Mary Beth's BIO
Although Mary Beth grew up in Detroit, it is Toledo that feels like home, especially since she and her husband, Terry, are raising their family here. Their children, Tara, Derek and Cullin were all born here and are all in school now. With grade school, high school and college tuitions all looming, it's no wonder Mary Beth looks forward to many more years working on 101.5 the River. "Miles to go before I sleep!"
Rick Woodell was born and raised in Macon, Georgia, attended the community college there and eventually the University of Georgia before embarking on a 38 year broadcasting career. Rick has worked in Georgia, Florida, South Carolina, and Texas and been a part of the programming of radio stations in Idaho, New Mexico, Colorado and California.
Before moving to Toledo, Rick was a highly rated morning show host in Greenville, South Carolina for 15 years and was co-host of "Talk of the Town," a 30 minute television travel show for Charter Communications that covered Georgia, North and South Carolina. Rick and his wife Carla moved to Toledo so he could rekindle his love for morning radio.
Rick and Carla have 4 "kids." One is Siamese...Cyan, 6 pounds of furry fury, Grayson, a loveable Gray stray from the Humane society, Frank a mini Dachshund rescue and the latest addition, Bill Blitzen, a rescued Greyhound.. Rick's son, Alex, graduated college in South Carolina and is continuing his education at the Medical College of South Carolina-Charleston.
Rick's continued love for charity work and civic pride keeps him active in the community.
"We've been here for over 7 years now. As Carla and I continue to travel the area, we're amazed at the eagerness of people to welcome us Southerners. We feel like actual Mid- westerners now! We really feel at home."
Get ready for the campains! We have a local connection to the national scene...again.
MB and R
Joe The Plumber Likely To Win Republican Nomination In Ohio
Samuel Wurzelbacher, also known as "Joe The Plumber," recently visited the White House but couldn't get in.
Wurzelbacher, who served as a McCain surrogate during the 2008 presidential campaign, won the Republican nomination for Congress in Ohio's heavily democratic 9th district in March. He is running against longtime Democratic Rep. Marcy Kaptur.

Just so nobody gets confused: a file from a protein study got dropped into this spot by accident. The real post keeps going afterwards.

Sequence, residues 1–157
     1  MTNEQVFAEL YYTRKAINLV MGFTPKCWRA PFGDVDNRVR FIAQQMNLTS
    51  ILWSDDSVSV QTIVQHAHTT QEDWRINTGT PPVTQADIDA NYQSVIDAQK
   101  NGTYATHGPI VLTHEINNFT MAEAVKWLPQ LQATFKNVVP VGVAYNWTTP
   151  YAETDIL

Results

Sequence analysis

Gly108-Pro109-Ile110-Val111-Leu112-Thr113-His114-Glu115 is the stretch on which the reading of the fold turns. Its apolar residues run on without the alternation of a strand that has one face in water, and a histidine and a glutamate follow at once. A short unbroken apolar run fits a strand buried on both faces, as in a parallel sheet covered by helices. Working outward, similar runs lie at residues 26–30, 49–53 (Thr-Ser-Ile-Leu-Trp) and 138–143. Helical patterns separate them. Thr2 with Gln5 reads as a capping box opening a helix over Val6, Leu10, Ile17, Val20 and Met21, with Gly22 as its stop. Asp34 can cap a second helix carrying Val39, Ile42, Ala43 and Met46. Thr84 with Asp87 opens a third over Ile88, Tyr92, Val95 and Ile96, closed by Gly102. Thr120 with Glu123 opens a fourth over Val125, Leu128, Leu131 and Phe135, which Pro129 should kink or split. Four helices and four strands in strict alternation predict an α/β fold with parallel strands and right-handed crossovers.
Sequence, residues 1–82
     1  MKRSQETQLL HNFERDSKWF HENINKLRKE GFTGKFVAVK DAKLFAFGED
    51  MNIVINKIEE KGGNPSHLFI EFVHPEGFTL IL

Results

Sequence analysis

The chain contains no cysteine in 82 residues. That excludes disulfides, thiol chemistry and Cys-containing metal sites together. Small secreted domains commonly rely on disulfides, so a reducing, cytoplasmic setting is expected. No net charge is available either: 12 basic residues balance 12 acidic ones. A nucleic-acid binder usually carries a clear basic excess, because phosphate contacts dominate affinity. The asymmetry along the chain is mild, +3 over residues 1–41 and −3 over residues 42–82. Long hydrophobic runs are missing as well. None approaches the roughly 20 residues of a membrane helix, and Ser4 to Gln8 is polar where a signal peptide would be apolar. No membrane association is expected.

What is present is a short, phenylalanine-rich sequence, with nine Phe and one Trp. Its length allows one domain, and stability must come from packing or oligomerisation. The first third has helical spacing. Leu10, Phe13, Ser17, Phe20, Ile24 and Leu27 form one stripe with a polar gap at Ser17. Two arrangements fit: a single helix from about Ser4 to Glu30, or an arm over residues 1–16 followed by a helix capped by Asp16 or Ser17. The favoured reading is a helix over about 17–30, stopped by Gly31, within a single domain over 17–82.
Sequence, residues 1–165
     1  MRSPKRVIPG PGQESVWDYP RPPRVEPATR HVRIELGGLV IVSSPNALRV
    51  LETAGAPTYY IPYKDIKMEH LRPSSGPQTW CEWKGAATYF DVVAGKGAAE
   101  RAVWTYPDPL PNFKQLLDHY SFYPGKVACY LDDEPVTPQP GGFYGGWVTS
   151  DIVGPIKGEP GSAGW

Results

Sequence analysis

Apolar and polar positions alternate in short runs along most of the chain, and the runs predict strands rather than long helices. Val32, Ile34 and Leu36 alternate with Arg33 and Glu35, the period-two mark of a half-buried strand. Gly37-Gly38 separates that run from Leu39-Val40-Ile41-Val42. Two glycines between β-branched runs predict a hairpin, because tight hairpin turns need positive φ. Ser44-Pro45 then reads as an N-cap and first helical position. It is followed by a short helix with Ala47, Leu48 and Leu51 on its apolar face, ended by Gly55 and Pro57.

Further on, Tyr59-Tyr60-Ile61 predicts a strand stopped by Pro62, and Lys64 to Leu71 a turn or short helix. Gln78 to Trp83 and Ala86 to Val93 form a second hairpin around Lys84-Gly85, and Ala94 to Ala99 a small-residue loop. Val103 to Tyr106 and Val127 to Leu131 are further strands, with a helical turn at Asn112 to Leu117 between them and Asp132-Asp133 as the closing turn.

In a new campaign ad, Wurzelbacher is shown waiting at the White house gates, purportedly to get a chance to talk to President Obama. Eventually he retreats and gives the camera an exasperated sigh.
"Well, it's 3:00 and apparently no one's home," he says. "I'd like to come back and finish this conversation."
Wurzelbacher lashes out at the president in a blog post on his campaign site:
Your burdensome and punishing regulations made sure that job-creating small businesses suffer like never before. And yet, through it all, your friends, bundlers, and campaign contributors seem to be doing just fine. Thanks to your "spread the wealth" message, we’ve got people "occupying" legitimate businesses and industries, terrorizing the children of business leaders in their own homes, and calling for government control of everything and everybody. I thought you'd like to hear how all that is working out for us out here in the real world.
Mister President, I think it's time you and I continued our conversation.
I tried early and late, but you weren't home and I couldn't find anyone to take a message. Perhaps you had a good score at the golf course today? Any luck getting more campaign donations? I'm sure that's taking up a lot of your energy.
Wurzelbacher shot into the political spotlight when he asked Obama about his small business tax plan at a campaign event in 2008.
“I think that when you spread the wealth around, it’s good for everybody,” Obama said.
The McCain campaign pounced on his remarks and continually resurfaced them to suggest Obama had a socialist agenda. "Joe the Plumber" was referenced in debates and soon McCain called Wurzelbacher to start making campaign appearances with him